A Threat to What Is Ours: How Japanese people react to perceived territorial infringements

Researchers from Osaka University found that members of the Japanese public are highly sensitive to perceived threats to collective ownership (for example, threats to national territorial integrity or national sovereignty). However, those who are more liberal in their political beliefs tend to be more sensitive to such perceived threats than conservatives.

Image of Territorial Infringement


Researchers from Osaka University find that Japanese liberals and conservatives react differently to perceived threats to national sovereignty and that there is less willingness to cooperate with the policies of countries perceived as threatening

Osaka, Japan – Throughout the world, it is common for threats to national sovereignty or territorial integrity to stir up strong emotions among the public. Now, researchers from Japan have found that the strength of the reaction to such threats can break down along political lines in interesting ways.

In a study published in Peace and Conflict: Journal of Peace Psychology, researchers from Osaka University have revealed that the Japanese public is highly sensitive to what are known as “collective ownership threats” (COT, i.e., fear of losing control of what is perceived as “ours”), as might be expected given Japan’s strongly collectivist and ethnically homogenous character. Interestingly though, Japanese individuals with politically liberal beliefs tend to show a higher degree of sensitivity to COT than conservatives.

Political scientists distinguish between COT and other types of potential threats to a nation, such as economic or symbolic threats. Although there may be some overlap between these types of threats, in the case of COT, the defining feature is the sense that something that is “ours” is being infringed upon by outsiders (such as a foreign nation).

“In Japan, the issue of the Senkaku Islands (known as the Diaoyu Islands in Chinese) is a matter of great public concern,” says lead author of the study Tomohiro Ioku. “Reports of threats to Japan’s territorial rights over the islands, such as when a Chinese Coast Guard ship recently entered nearby waters, can cause significant public anxiety.”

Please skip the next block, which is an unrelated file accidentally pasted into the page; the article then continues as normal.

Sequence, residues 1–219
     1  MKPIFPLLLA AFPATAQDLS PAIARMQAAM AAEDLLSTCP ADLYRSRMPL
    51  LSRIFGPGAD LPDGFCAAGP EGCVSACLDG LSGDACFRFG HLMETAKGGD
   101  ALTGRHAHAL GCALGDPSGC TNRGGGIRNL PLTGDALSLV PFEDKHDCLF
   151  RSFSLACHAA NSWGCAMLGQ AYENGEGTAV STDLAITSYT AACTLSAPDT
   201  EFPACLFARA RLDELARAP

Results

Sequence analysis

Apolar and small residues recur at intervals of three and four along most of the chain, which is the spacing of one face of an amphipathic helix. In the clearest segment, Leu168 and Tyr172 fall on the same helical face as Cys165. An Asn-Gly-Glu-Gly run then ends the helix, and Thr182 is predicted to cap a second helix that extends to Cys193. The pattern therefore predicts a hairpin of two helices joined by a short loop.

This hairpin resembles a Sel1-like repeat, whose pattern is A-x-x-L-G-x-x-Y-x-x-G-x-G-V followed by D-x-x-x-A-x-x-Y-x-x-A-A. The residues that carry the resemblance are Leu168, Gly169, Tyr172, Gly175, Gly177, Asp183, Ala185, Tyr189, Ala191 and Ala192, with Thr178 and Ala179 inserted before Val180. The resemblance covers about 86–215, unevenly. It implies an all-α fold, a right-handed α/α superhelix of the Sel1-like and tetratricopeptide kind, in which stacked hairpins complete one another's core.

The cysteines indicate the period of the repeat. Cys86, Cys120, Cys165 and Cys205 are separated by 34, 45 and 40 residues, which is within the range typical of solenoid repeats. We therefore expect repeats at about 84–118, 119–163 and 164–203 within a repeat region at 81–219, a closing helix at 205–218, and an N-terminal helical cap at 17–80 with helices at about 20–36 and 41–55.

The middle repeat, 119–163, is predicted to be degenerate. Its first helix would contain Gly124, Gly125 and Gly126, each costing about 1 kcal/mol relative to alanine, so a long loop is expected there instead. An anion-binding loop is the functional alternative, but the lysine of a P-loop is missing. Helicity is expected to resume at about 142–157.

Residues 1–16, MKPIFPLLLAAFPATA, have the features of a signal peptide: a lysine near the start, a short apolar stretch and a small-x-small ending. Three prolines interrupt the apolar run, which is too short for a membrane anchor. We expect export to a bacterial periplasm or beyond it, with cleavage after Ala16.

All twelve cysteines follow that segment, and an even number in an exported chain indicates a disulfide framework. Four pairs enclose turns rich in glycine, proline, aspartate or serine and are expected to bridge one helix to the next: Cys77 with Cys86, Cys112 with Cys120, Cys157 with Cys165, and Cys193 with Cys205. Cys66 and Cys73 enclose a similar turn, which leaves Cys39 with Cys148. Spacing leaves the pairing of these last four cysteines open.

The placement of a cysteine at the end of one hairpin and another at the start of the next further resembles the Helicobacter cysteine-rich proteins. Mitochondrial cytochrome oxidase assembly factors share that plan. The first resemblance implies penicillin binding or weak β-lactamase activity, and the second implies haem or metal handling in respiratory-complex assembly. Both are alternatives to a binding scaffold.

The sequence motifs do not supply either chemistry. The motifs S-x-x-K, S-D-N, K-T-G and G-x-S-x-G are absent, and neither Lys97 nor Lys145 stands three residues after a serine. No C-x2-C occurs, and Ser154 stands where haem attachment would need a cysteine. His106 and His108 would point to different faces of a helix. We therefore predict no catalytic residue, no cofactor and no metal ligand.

Fear over Territory and Resistance to Cooperating with China.
Note. The slope of a straight line indicates higher the fear is, the higher the level of resistance.

To investigate how the Japanese public reacts to such infringements, the researchers conducted an online survey of more than 800 Japanese adults in February 2022. As part of this survey, the respondents were shown a fictitious newspaper article depicting a threat from China to Japan’s collective ownership, economy, or culture and tradition.

“Our findings suggest that the Japanese public is particularly sensitive to COT,” explains Eiichiro Watamura, senior author. “However, what is fascinating is that this sensitivity is even more pronounced among liberals than conservatives.”

This finding runs counter to conventional wisdom, which is that conservatives tend to react more strongly to issues involving territorial integrity and national sovereignty. Another interesting finding is that the fictitious examples of COT from China in the study had the result of reducing the participants’ willingness to cooperate with Chinese policies such as the Belt and Road Initiative.

This study underscores the psychological importance of collective ownership threats, potentially deterring countries from engaging in activities that infringe on the territorial integrity of others.

Differences in Fear over Territory by Experimental Manipulation: +1SD for Conservatism, -1SD for Liberalism. Note. The slope of the straight line indicates how much higher fears are in the experimental condition than in the control condition. Participants in the experimental condition read articles about losing Japanese territory, while those in the control condition read articles with no such statement.

The article, “Cultural invariance and ideological variance of collective ownership threat in intergroup relations,” is published in Peace and Conflict: Journal of Peace Psychology at DOI: https://doi.org/10.1037/pac0000707

About Osaka University
Osaka University was founded in 1931 as one of the seven imperial universities of Japan and is now one of Japan's leading comprehensive universities with a broad disciplinary spectrum. This strength is coupled with a singular drive for innovation that extends throughout the scientific process, from fundamental research to the creation of applied technology with positive economic impacts. Its commitment to innovation has been recognized in Japan and around the world, being named Japan's most innovative university in 2015 (Reuters 2015 Top 100) and one of the most innovative institutions in the world in 2017 (Innovative Universities and the Nature Index Innovation 2017). Now, Osaka University is leveraging its role as a Designated National University Corporation selected by the Ministry of Education, Culture, Sports, Science and Technology to contribute to innovation for human welfare, sustainable development of society, and social transformation.
Website: https://resou.osaka-u.ac.jp/en

Published: 28 Feb 2024


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Japan Science and Technology Agency